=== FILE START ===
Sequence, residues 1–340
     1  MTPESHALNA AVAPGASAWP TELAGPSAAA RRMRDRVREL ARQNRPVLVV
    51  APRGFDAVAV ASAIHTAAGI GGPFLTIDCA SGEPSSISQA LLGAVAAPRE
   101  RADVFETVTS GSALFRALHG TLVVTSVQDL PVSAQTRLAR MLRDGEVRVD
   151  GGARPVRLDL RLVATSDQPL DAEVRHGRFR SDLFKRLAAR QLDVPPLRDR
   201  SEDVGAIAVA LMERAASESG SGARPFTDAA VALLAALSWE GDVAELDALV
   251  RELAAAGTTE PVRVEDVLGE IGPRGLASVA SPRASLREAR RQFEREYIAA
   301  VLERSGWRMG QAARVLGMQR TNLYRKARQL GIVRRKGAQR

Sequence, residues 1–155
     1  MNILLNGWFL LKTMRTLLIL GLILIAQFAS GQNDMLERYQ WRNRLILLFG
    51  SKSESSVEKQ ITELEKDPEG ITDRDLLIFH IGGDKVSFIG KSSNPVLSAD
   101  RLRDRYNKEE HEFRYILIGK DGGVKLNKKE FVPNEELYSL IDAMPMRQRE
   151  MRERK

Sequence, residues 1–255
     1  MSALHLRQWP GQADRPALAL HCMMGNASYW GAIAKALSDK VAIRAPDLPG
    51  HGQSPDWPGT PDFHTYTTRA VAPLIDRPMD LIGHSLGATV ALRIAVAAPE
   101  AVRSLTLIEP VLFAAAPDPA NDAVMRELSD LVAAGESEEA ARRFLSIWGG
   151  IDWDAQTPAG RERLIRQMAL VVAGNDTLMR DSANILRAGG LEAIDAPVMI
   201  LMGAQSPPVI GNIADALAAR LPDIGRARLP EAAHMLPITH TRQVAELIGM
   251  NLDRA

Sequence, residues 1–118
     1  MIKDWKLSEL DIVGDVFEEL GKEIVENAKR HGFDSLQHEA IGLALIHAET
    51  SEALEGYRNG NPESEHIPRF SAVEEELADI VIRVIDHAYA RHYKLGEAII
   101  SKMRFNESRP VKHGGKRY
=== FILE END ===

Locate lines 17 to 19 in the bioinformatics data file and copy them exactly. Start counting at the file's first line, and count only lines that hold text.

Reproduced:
   101  AVRSLTLIEP VLFAAAPDPA NDAVMRELSD LVAAGESEEA ARRFLSIWGG
   151  IDWDAQTPAG RERLIRQMAL VVAGNDTLMR DSANILRAGG LEAIDAPVMI
   201  LMGAQSPPVI GNIADALAAR LPDIGRARLP EAAHMLPITH TRQVAELIGM